Symmetry - Themes For An Imagina ((HOT))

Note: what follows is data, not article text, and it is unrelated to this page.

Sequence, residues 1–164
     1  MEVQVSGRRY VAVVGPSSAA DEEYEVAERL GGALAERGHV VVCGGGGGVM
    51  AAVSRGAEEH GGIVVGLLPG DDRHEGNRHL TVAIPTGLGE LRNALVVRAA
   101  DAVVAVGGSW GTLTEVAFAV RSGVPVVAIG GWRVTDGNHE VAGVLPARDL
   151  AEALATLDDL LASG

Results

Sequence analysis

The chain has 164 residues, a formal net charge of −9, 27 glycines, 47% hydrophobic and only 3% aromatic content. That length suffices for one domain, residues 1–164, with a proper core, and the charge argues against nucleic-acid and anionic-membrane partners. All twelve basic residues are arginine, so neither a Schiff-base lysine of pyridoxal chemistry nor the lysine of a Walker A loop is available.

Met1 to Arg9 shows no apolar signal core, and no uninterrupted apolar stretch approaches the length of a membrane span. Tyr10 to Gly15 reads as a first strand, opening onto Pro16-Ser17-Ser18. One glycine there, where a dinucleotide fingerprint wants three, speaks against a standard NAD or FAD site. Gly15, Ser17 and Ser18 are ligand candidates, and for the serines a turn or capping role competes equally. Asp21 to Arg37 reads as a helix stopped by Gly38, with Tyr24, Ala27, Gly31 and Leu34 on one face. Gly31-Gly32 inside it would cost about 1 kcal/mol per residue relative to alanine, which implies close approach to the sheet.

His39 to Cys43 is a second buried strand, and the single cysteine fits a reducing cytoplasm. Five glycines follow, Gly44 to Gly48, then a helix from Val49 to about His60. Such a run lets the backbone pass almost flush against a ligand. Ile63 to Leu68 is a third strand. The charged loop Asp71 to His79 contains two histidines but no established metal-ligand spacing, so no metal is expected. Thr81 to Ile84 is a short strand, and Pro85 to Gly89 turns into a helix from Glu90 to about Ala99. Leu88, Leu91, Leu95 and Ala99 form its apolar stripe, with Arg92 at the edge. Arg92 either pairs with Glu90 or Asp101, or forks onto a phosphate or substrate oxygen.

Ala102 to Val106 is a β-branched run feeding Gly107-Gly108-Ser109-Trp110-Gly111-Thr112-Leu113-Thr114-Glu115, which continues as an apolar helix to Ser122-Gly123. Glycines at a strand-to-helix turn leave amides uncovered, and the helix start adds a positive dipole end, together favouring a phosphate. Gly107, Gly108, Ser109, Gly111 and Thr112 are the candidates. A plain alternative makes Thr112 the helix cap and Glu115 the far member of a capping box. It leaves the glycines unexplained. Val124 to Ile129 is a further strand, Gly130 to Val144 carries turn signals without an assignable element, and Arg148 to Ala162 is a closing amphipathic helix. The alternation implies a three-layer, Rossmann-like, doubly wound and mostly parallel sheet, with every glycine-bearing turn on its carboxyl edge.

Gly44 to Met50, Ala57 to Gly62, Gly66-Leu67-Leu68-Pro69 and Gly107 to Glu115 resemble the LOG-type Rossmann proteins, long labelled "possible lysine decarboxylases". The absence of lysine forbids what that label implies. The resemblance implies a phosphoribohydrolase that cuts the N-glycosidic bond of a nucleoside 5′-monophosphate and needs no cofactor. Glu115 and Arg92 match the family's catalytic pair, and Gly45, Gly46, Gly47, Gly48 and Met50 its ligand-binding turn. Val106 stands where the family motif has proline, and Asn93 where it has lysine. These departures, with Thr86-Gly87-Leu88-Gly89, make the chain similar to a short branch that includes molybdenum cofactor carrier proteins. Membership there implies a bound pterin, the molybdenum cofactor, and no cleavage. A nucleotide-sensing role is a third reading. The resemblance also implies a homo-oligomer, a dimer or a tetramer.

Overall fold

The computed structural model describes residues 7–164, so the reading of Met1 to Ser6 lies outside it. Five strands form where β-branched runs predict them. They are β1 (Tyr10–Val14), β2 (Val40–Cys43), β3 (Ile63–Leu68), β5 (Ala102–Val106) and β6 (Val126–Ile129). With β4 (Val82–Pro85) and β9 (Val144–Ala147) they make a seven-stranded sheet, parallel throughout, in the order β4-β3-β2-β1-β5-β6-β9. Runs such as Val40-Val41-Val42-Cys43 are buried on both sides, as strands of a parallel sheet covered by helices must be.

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In a mailing list discussion way back in March 1998, someone referred to the following web page, and said: \"Here's one that needs the scrutiny of a knowledgeable mathematician.\" Here's my response, only edited to add some links.Here's a link: Gerald Hawkins' work on crop circles and their relationship to Euclidean geometry and diatonic ratios (You will need to get the page, to look at the diagrams.)(V) As the triangle changes shape the circles expand and contract to touch the sides, and the diagram generates the four crop circle theorems.Sample: Diagram and caption from Hawkins' pageOn the left of Hawkins' page is a set of five diagrams, labelled \"Theorem I\" to \"Theorem V\". Only theorem V seems to have any text associated with it, and this is an explanation of the way in which the diagram is generic, rather than a text which looks like a conventional theorem.This is the first problem: these do not appear to be \"theorems\" at all in the accepted sense. For example, Theorem II has an outer circle, inside which is inscribed an equilateral triangle (i.e. its corners touch the outer circle), inside which is inscribed an inner circle. That's it. Huh Where's the theoremA theorem is a \"general result\": a geometric theorem can be quite simple, and shown by a single diagram, but it needs a description of just what the general result is. A highly recommended book full of examples is the Penguin Dictionary of Curious and Interesting Geometry, by David Wells (a friend of mine, not that that's relevant). The theorem I proved the other day with the bubbles and menu on a dinner table is a good example.Anyway, never mind, let's try to press on. Back to the text.I can't resist pointing out that the first sentence contains a very obvious typo: \"This document contains a substantial amount outstanding photographic evidence.\" Plainly this proves nothing about anything, though it is symptomatic of a general inability to spell (and I don't just mean \"it[']s\" - we are introduced to an Italian mathematician called Fabionacci [sic]), which in turn suggests a general lack of care.Anyway, the meat of this page... Several years ago, astronomer Gerald S. Hawkins, former Chairman of the astronomy department at Boston University, noticed that some of the most visually striking of the crop-circle patterns embodied geometric theorems that express specific numerical relationships among the areas of various circles, triangles, and other shapes making up the patterns (Science News: 2/1/92, p. 76). In one case, for example, an equilateral triangle fitted snugly between an outer and an inner circle. It turns out that the area of the outer circle is precisely four times that of the inner circle.ABC is an equilateral triangle, P is the mid-point of one side, so AB = 2 PB; angle BPO is 90 degrees. Triangles APB and BPO are similar (angles are the same), so BO = 2 PO. QED.Incidentally, by drawing the circles first, this diagram was extremely simple to generate, contrary to the flim-flam on the left.Sketch of proof that radii are in ratio 1:2Never mind whether the term \"theorem\" is appropriate, the result here seems to be that the area ratio is precisely 4:1. Or more simply, the radii are in the ratio 2:1. Indeed. To put it another way, if you make two circles, one inside the other and of half the radius, then an equilateral triangle fits between them. (Of course it does: from the centre of an equilateral triangle to a vertex is twice the distance to the mid-point of a side, as the figure on the right shows.)It's unclear to me whether a crop circle has appeared with the pattern of this \"Theorem\" including the triangle, or simply one in which two circles had radii in the ratio 1:2. Three other patterns also displayed exact numerical relationships, all of them involving a diatonic ratio, the simple whole-number ratios that determine a scale of musical notes. \"These designs demonstrate the remarkable mathematical ability of their creators,\" Hawkins comments.Theorem I is a bit mysterious - it looks to me as though the figure is wrong; Theorems III and IV have two concentric circles with a square and a regular hexagon fitting between them. It's trivial in these cases to work out the ratio of the radii: root(2):1 and 2:root(3). But Mr Hawkins prefers to square these values, getting 2:1 and 4:3. Fine, though one has to ask why he squares them(Presumably it couldn't simply be because that gives him what he wants) And it's not clear to me quite what the \"remarkable mathematical ability\" is Is it the ability to construct shapes with ruler and compasses Hawkins found that he could use the principles of Euclidean geometry to prove four theorems derived from the relationships among the areas depicted in these patterns. ...The web page claims that the \"fifth theorem\" has been published by the American National Council of Teachers of Mathematics: I sent an email request for the written proof, but this turned into a wild goose chase. I've tried asking again. What is most surprising is that all geometries give diatonic (musical) ratios. Never before have geometric theorems been linked with music.The claim that XYZ has \"never been thought of\" is easy to make. One would not think though that people would make claims quite so easy to refute. On the shelf behind me is another highly recommended book:\"The music of the spheres\", by Jamie James, which tells us that geometric [not-quite-theorems, are they] have been being linked with music since, um, gosh, about 2500 years ago.On this page there are a couple of \"glossary\" links, one for \"geometric theorems\". This is headed \"Definitions\", and the first definition reads as follows: A Crop geometry is an unembellished diagram with rotational symmetry, which contains a theorem that can be proved by Euclidean logic and constructions, and generally leads to a pair or more of diatonic ratios.This strikes me as, at the very least, very sloppily written.Does it mean that the diagram includes a construction which can be used to prove some result -- of some generality of no generality at all He doesn't define \"embellished\". The other definitions are equally obscure. This is not mathematical writing.My opinion is (and this is actually unrelated to the wider issue of crop circles)that this page is close to vacuous. So what do I make of the bits I can't make much of Perhaps all the stuff about bending stalks is where the Truth lies hidden Should I go on to analyse the page this leads to about \"The relationship between diatonic ratios, crop circles and the Society for Psychic Research\"(Posted to the PandA mailing list, 24 Mar 1998)Want to know moreThis interview with Gerald Hawkins on a New Age website is quite funny. 1e1e36bf2d